Change Through a Manger

December 9, 2014 — Leave a comment

This post is an excerpt from my book, Scripture to Live By. In that book I accumulated stories from various authors and added a devotion to each story. This is one of my favorites from the book…and not just because my sister Leslie wrote it.

I hope this story “changes” your Christmas for the better.–Arron

Scriptures Cover

Change Through a Manger

By Leslie Wood

Don’t you just love Christmastime? All the decorations, wonderful songs, and poignant movies?

My childhood Christmas memories were filled with happy times with family and friends. I can remember riding on the church bus, caroling to our friends and neighbors. One year, we went to see the “Nutcracker” on Christmas Eve. Another year, we saw the movie Oliver! Cutting down our Christmas tree was always an exciting time, because it marked the beginning of the holiday season. When I became a mom, I had dreams of creating special memories with my own children, although, this particular event can’t really be described as beautiful or special. It was just—well, just bizarre.

It was the Christmas of 2000. We had been living in Stafford, Virginia, for about four years. Our church did not have a building, so we were meeting in a middle school gymnasium. Because we had church in a gym, it was often difficult to create those special, beautiful memories that I remember as a child.

Christmas Eve services offered a wonderful opportunity to reach out to the community and to   the church family with the message of Jesus’s birth. In fact, the Christmas Eve service is an easy opportunity to reach out to the community. It takes a lot to mess up a Christmas Eve Service. After all, it’s Christmas—right?

Well, that year we decided we would put a manger up in the front to allow our church people to participate in giving to others less fortunate. Everyone could either bring in non-perishable food items or a monetary gift to put in the manger. We envisioned a deeply meaningful time of sharing and giving—a truly wonderful memory in the making. Oh, it was a memory in the making, all right.

The evening of December 24th arrived.

Earlier that day, we had gone to the Rain Forest Café in Northern Virginia, which had become a tradition in our family. My twins, Connor and Taylor, who were just five at the time, and my daughter Kendall, who was two, were so excited! Not only was it Jesus’s birthday tonight, it also was the night a present could be opened. To add to the fun, we had my aunt and uncle from Florida visiting for the evening. They were on their way to Williamsburg and had decided to come up for our service. So anticipating a wonderful time, we bundled the kids up and headed for the church.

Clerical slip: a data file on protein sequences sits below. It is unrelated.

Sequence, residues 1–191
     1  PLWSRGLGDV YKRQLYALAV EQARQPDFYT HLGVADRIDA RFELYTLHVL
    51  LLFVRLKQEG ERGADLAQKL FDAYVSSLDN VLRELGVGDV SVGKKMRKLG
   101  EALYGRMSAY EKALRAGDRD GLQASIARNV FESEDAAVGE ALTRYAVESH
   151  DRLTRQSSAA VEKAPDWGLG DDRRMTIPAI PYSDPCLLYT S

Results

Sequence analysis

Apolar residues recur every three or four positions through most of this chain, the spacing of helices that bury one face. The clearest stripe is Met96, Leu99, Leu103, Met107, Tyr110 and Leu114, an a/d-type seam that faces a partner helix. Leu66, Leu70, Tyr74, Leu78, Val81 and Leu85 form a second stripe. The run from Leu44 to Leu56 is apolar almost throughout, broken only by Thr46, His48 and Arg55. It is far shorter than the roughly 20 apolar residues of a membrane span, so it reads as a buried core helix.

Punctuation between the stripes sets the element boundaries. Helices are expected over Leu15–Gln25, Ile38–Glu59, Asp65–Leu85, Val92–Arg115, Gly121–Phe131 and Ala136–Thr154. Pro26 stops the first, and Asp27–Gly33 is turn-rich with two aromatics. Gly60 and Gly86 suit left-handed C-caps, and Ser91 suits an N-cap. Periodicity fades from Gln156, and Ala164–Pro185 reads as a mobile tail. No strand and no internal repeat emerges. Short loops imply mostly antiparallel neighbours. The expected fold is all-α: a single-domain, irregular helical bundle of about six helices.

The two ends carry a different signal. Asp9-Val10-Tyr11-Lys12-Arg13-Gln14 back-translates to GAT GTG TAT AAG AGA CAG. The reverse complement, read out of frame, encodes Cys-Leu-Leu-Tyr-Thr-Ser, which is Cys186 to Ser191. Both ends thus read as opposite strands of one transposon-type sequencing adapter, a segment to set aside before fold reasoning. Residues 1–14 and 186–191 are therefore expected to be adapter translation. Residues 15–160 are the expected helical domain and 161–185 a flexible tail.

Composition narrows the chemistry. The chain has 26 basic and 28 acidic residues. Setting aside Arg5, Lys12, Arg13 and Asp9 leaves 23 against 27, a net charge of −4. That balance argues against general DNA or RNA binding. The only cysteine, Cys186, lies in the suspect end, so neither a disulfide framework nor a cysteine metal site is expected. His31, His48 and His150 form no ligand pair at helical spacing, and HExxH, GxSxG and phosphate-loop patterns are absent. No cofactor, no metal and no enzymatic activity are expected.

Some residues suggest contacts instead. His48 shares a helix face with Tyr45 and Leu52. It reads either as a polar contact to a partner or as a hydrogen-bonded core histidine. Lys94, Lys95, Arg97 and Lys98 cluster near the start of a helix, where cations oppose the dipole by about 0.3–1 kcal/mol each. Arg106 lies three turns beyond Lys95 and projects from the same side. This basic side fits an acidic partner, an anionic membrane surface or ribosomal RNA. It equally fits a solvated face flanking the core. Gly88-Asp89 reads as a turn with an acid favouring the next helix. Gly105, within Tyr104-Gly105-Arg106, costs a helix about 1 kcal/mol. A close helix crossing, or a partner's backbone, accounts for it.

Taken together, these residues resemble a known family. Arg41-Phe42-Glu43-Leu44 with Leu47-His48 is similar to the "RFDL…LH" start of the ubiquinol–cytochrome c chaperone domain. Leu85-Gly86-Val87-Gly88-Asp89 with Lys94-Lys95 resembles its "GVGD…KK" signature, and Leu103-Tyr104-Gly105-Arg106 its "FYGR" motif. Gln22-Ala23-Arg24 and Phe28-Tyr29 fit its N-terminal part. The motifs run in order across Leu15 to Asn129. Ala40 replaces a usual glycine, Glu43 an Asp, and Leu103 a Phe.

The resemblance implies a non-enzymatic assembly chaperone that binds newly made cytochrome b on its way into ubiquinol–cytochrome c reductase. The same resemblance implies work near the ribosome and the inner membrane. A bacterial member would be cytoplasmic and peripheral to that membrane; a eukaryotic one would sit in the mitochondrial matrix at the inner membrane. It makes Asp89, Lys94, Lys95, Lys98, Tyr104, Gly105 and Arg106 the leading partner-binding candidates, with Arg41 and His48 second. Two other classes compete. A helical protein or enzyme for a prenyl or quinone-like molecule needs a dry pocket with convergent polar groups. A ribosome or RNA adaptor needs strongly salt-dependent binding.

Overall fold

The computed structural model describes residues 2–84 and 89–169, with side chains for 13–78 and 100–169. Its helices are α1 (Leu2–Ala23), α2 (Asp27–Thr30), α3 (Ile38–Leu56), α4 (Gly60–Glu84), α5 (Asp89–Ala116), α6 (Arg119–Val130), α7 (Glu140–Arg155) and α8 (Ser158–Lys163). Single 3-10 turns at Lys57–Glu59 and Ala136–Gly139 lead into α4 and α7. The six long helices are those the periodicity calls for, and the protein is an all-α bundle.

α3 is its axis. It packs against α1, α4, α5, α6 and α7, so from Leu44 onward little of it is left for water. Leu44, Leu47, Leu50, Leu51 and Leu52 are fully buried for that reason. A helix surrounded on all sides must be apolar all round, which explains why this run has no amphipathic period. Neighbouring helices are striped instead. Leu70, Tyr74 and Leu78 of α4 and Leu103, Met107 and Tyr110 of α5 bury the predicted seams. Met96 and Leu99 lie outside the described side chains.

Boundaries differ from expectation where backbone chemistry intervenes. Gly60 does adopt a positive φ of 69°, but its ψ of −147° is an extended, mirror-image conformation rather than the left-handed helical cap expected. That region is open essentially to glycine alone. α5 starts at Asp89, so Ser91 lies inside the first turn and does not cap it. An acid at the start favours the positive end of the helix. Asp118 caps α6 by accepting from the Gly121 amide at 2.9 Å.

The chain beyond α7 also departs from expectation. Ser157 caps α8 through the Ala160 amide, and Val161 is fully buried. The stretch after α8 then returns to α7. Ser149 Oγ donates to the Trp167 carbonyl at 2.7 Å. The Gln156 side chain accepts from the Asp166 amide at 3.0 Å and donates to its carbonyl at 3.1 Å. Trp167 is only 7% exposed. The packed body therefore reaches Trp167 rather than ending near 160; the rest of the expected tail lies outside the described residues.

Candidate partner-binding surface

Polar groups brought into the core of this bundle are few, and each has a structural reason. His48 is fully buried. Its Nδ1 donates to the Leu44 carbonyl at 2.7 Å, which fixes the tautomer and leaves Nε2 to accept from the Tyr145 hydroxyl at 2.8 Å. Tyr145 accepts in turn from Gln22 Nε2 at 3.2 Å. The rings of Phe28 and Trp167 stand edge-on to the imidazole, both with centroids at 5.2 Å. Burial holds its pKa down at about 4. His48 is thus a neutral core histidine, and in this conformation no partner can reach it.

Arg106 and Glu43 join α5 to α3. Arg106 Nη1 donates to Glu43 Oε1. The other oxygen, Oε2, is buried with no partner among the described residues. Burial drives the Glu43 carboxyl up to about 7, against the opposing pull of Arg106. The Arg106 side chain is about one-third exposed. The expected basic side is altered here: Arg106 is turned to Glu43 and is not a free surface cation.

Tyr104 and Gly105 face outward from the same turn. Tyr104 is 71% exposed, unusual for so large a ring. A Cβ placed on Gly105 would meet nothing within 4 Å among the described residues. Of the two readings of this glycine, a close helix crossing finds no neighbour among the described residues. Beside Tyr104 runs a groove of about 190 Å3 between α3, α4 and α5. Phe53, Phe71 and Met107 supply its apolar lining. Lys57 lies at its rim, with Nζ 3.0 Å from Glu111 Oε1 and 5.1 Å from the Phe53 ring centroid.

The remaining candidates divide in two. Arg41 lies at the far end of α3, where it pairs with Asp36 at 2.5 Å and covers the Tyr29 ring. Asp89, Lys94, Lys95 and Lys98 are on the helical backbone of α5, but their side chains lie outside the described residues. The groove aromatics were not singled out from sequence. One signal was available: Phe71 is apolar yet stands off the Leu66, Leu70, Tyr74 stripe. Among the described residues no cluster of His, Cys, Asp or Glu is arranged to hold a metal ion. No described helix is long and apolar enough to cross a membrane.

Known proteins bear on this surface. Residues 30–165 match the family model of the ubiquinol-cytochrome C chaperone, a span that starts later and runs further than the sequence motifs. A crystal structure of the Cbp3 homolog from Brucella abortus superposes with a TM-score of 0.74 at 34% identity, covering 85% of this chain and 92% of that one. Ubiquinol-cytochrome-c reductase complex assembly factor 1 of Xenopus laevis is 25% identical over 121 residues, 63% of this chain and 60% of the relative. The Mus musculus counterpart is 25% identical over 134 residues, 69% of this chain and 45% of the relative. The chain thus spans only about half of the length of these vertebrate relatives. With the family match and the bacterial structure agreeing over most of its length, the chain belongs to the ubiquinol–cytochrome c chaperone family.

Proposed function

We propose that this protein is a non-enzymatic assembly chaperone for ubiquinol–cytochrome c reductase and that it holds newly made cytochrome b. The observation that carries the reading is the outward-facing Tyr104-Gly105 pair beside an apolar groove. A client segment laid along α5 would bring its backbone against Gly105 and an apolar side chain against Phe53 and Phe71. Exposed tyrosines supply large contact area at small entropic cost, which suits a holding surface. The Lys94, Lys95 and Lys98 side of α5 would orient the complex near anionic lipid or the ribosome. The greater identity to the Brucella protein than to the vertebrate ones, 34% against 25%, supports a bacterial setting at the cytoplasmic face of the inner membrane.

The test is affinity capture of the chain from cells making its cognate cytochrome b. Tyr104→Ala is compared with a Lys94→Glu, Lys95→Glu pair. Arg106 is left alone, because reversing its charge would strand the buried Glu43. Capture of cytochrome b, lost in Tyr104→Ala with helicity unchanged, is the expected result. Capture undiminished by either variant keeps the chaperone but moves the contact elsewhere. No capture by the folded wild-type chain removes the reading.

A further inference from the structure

As we walked in, the candles were burning and beautiful music was playing. We found a seat on the last row, because as always, we came in at the last-minute (Did I tell you I have three kids?) My husband, the minister, spoke and prepared our hearts for the time of giving. I wish I had been prepared. I, of course, had forgotten to bring canned goods with me, and only remembered after we sat down that I was supposed to have brought something to put in the manger. My kids, who could sense my concern, leaned over to me and asked, “Mommy, what are we going to put in the manger?” I froze in panic and started digging in my wallet and the bottom of my purse for money, which is where all my loose change always ended up. Wouldn’t you know it? I had no bills with me, only change. If I had stopped to think about it, I probably would have stayed in my seat. Being the minister’s wife, I knew that my absence from participating would be noticed, especially by my children, so we proceeded to make my way to the front.

Most everyone else had already put gifts in the manger, so now it was our turn. Upon approaching the manger, I looked down and realized that the manger had big open slats in the side. Too late. My two-year-old daughter enthusiastically threw her money in, and down and out it went. Before I could warn the other two, their change dropped into the manger, fell out and proceeded to roll across the gym floor. Luckily, the beautiful song being sung drowned out the sounds of coins hitting and rolling across the basketball floor. Before I could grab him, my industrious son, Connor, crawled under the manger, rescued some of the money and said—loudly—“Mommy, I found some!” He then threw it in again and well, you know what happened.

By this time, I wanted to throw myself under the manger with my son, who was once again under the manger trying to rescue the money for Baby Jesus. I looked behind me and the entire front row was on the verge of hysterics. I thought, at the time, that we might have to perform CPR on more than a few of them. To the sounds of hushed laughter and “O Holy Night” I grabbed my kids and quickly walked back to our seats, which as you remember, were on the last row.